“And I cut stars from sunlight
for your dream
and my night.”
(A Beautiful Woman, p. 15)
A child-adult answer. The adult reader might smile, too, but remembers that this poet’s night is real.
Roseliep writes perceptively of friendship, celebrating specific friends in some poems, exploring the nature of this form of human relationship in others, perhaps most poignantly in “The Friend” from The Linen Bands. In that poem the speaker relates his failure to bridge the inner distance that has separated him from a boyhood friend: “We stood besides the river/ not as boys/ but men who looked for answers to the love/ that neither had” (p. 41). Doubly aware, of his need and of the need of his friend, the poet looks into his own soul “and there I kicked the almost emptiness/ and licked at dark.” The only words he can find to offer objectify his predicament: “The water is a friendly place, but notice/ how that slender gull dips gracefully/ to touch a surface he will never probe.” The parting of these friends leaves a bitter taste – the speaker tells us that his friend goes to “search the oldest/ corners of our towns from end to end” and judges himself “little less than friend.” The most brooding poems in Roseliep’s opus deal with the problems of friendship and kinship; specifically, with the paradox that though “no weather can unbrother brothers” (“Tour. In Rain,” The Small Rain, p. 69), even a brother can return “a stranger” (“Silence Is a Meal,” The Linen Bands, p. 48). For Roseliep friendship also encompasses a host of writers, who receive by way of poems his loving praise and gratitude for their gifts. His two favorites are Katherine Anne Porter and
tooling the word
(Sailing Bones, p. 36)
but he writes, too, of others such as Emily Dickinson, e. e. cummings, William Faulkner, Ezra Pound, Robert Frost, Flannery O’Connor, Anne Sexton, Wallace Stevens, and William Carlos Williams.
The human relationship Roseliep explores most deeply and frequently is that of the man-poet to the boy-becoming-man. “Where Roots Tangle” and “My Mother Bought Me Red Things” show the poet’s direct return to his own youth – with an adult understanding. In other poems his return recreates some particular experience and its attendant awe, his contact with the scissors grinder, for instance – “I know I shall remember/ until the night I die/ the grindstone of a hairy hand,/ the blade of an eye” (The Linen Bands, p. 61).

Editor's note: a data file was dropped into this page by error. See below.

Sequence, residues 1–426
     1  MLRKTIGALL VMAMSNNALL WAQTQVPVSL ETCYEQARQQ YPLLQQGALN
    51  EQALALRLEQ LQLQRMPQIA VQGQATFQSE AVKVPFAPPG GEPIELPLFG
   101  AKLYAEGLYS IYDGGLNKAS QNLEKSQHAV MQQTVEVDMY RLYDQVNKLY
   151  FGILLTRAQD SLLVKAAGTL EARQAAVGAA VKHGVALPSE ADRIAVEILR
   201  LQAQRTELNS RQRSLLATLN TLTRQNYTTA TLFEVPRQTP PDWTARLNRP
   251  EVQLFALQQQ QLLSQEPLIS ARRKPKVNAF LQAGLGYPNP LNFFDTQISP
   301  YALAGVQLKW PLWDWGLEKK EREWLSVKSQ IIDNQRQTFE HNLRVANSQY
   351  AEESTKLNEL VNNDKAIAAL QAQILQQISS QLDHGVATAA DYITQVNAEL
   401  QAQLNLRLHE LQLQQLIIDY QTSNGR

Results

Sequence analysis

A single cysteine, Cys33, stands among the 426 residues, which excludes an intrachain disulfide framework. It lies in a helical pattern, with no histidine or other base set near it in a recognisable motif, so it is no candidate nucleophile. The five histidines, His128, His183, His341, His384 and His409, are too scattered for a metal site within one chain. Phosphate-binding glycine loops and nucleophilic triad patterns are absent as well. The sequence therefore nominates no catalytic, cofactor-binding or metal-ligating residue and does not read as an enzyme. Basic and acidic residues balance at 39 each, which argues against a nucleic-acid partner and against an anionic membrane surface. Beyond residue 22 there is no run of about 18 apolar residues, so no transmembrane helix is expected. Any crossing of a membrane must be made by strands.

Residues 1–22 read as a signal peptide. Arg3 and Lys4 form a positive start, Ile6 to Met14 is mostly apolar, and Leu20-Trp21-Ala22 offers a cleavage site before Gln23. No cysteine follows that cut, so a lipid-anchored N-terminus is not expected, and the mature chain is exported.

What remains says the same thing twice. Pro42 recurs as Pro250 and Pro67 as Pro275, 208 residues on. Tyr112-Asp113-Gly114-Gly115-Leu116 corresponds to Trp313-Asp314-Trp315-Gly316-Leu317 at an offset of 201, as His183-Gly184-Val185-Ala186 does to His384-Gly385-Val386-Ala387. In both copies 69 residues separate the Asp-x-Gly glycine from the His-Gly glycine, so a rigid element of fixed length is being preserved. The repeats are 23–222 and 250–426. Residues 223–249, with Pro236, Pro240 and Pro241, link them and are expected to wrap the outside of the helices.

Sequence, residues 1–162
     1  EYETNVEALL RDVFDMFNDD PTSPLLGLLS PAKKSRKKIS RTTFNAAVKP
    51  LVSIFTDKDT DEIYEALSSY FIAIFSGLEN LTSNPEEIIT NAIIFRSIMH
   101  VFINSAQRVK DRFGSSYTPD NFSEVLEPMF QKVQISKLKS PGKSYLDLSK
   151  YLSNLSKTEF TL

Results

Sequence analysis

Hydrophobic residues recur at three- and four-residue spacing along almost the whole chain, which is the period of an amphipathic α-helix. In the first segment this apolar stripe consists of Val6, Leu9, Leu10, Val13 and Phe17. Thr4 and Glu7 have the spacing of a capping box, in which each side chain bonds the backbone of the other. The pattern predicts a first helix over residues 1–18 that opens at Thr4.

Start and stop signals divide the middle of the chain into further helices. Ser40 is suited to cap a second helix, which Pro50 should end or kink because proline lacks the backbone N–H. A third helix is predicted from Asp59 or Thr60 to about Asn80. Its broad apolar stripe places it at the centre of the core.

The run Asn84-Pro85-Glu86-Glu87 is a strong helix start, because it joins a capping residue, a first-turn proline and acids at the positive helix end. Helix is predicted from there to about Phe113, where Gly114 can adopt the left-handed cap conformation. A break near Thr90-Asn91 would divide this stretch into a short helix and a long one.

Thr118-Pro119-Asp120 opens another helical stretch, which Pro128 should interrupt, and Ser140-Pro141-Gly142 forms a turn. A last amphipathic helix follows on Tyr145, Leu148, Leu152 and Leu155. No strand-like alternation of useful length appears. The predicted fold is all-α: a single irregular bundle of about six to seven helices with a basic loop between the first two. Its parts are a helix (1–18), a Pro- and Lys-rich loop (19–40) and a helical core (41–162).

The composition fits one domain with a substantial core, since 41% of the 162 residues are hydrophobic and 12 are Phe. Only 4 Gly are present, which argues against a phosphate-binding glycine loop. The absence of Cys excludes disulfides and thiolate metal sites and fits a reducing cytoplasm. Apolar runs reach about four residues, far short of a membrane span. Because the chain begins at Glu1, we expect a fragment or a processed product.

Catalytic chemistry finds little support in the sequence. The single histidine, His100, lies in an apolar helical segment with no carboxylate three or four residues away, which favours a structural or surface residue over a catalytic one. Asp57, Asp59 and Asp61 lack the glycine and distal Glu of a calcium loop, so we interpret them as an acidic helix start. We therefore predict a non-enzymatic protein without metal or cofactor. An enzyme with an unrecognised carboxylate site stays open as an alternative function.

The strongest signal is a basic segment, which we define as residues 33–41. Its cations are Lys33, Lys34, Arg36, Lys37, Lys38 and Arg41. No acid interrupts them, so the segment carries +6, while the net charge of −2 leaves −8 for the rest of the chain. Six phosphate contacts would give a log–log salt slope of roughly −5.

Roseliep takes a critical stance toward his frequent return to his youth. In an early poem, “Some Men a Forward Motion Love,” he states the conflict:
“Still haven’t finished childhood” was the clause
that closed his letter; then he added, “In
more ways than one.” By childhood he had meant
those Joycean trips through alleys of the mind
I beg to leave unlanterned. He explains,
it takes a child to catch a child: and swears
by it. I do not tell him I am more
the usual coward who transfers a fear.
This lighting back perturbs me like the search
through darkness for a blacker cat not there.
Let midnight wicks inform a virgin’s fool-
ish wait, or scholar’s watch. My friend is I,
and I’m afraid of I, and want no back-
ward steps. Childhood is over, and we shove
ourselves to manhood, linking arm with those
who feign a forward motion, or we move
from shadow into shadow, not from love.
(The Linen Bands, p. 38)
Roseliep continues, however, to write poems centered on his own boyhood experiences or the experiences, vicariously felt, of his students and the many young children and young lovers he knows. He learns to love the man he is by discovering and loving the boy he once was:
the child is gone
the paper bell he made
cracks the wind
(Step on the Rain, p. 37)
The poems are not “backward steps.” They are love offerings to himself, his family – mother, father, brothers – to all youth and the bittersweet pain of growing up, offerings that teach, indirectly, acceptance and understanding, the necessary bedrock of maturation.
Roseliep’s love relationship with Nature is as long as his setting pen to paper. Nothing around him escapes his eye for long. In Tip the Earth, his as-yet-unpublished collection of poems, there is a sequence called “Some Small Creatures.” In direct and delightful address to two wee friends he says:
Spider Box-Elder Bug
Ho there! Keep off my Keats,
I didn’t order little red butt,
wall-to-wall sit on Shelley.
Although every volume of Roseliep’s is replete with poems that center on nature or use the natural world as springboard, his volumes of haiku especially prove his ability to see and become the conscious, articulate celebrator of the world. The haiku form encourages the seeker-after-essence and urges the poet to find the secret of life in the seasonal cycle. The progression in Roseliep’s poetry has been from using nature as ornament or accompaniment to recognizing nature as essence. A haiku from Sun in His Belly is but one instance of Roseliep’s sure touch: